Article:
As I crossed the Safeway parking lot on my way to the Starbucks on Fillmore and O’Farrell, Doug, a regular who sits next to me at the counter, met me in the Safeway parking lot and said don’t bother going to Starbucks. Go to Safeway instead because Starbucks won’t open.
I could have done as Doug suggested, but I wanted to see for myself why my usual morning routine was spoiled, if the store wasn’t open and wouldn’t be open and if not, why not. So we walked over and I read for myself the handwritten sign on the front door: “Closed because of an incident.”
That could have meant anything. I had watched April earlier in the week stare down a potential thief and order her to get in line if she wanted to buy something. The woman had been standing near the sandwiches for some time. I have no store smarts so didn’t guess the woman had anything on her mind but ordering a tall coffee and gazing at the glazed donuts. To me, abberant behavior means customers are probably off their meds.
But April sees her job as protecting the store, so she sees loitering by the open food displays while yelling out an order for a drink from a distant coffee spigot as a theft in the making.
Based on having witnessed the shouting match that ensued between the polite yet firm April and the enraged would-be thief, I imagined a payback kind of incident wherein April is possibly accosted and Chang or Kim have to subdue the angry interloper, etc. etc.
But I put that story on hold after walking around the building and seeing the shattered glass. Half a door remained. Through a side window I could see a policeman dusting the counter for prints. When I caught April’s eye, I raised my shoulders to ask what had happened, if everyone was all right and when were they planning to reopen.
She shrugged in response but gestured that she would make my usual beverage for me and bring it outside the front door. By this time, quite a crowd had gathered, and I had become a spokesperson on the basis of exchanging shrugs with April and having seen for myself the smashed glass.
Pretty soon the entire Starbucks crew came out the front door with trays of coffees for everyone, saying it’s free and we are sorry for inconveniencing you. April handed me my double short soy latte.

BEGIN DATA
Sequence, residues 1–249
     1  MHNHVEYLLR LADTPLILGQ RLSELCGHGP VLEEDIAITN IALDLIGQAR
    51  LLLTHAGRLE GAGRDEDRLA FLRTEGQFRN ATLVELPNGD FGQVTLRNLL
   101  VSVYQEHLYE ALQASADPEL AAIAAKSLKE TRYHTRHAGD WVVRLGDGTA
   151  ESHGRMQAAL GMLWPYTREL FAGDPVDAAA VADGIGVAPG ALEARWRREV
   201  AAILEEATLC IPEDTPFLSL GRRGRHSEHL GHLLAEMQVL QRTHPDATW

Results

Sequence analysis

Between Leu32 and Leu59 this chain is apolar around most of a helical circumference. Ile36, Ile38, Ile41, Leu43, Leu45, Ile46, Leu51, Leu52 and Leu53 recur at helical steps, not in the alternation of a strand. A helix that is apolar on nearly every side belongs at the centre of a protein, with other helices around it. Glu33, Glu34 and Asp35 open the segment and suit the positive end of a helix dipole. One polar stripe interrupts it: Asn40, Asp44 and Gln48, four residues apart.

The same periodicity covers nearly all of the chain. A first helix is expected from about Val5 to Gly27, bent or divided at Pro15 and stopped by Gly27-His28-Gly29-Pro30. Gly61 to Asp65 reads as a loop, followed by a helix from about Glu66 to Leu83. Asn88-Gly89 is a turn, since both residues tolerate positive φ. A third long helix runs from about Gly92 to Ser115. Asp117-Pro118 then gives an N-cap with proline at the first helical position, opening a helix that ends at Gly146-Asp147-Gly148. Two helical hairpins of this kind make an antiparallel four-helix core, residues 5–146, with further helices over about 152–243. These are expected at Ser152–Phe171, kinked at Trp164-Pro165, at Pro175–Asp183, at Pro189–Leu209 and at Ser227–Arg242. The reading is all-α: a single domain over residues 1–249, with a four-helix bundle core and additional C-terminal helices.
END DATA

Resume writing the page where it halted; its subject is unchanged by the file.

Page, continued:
When one of the other regulars reached into his pocket to pay, April said, “Derrick, your coffee is free.” That she knew his name and fixed him what he liked impressed me because Derrick is homeless and sleeps in the vicinity of Fillmore and O’Farrell. Moreover, he hasn’t always come into the store medicated.
Meanwhile Kim, the manager, brought out creamers and an assortment of sugar and sugar substitutes plus stirring sticks for anyone who didn’t take their coffee black.
We learned that besides a showcase of coffee blends in disarray, nothing was taken, not even the few dollar bills from the tip jar. In the back, boxes had been thrown, as if the thief or thieves were looking for something. April said because too many people who worked in the store touched objects and surfaces, fingerprints would yield no clues.
And I learned what I already knew, even if Starbucks does not have the best coffee and the décor of every store is basically the same, this particular coffee shop is a community. No one working for a paycheck is required to treat other people with kindness. Whether biblical: Do unto others or Buddhist: practice loving-kindness, or just good business sense, the result that cold morning was the same.
By the following morning, the door had been boarded up and the store opened at its usual 5:30 a.m. When I showed Chang, part of the Saturday crew, pictures of the shattered door and the trays of coffee set out on tables for those of us who couldn’t be regulars that morning, he was impressed. “Not many businesses would do that,” he said. And though no expert, I had to agree.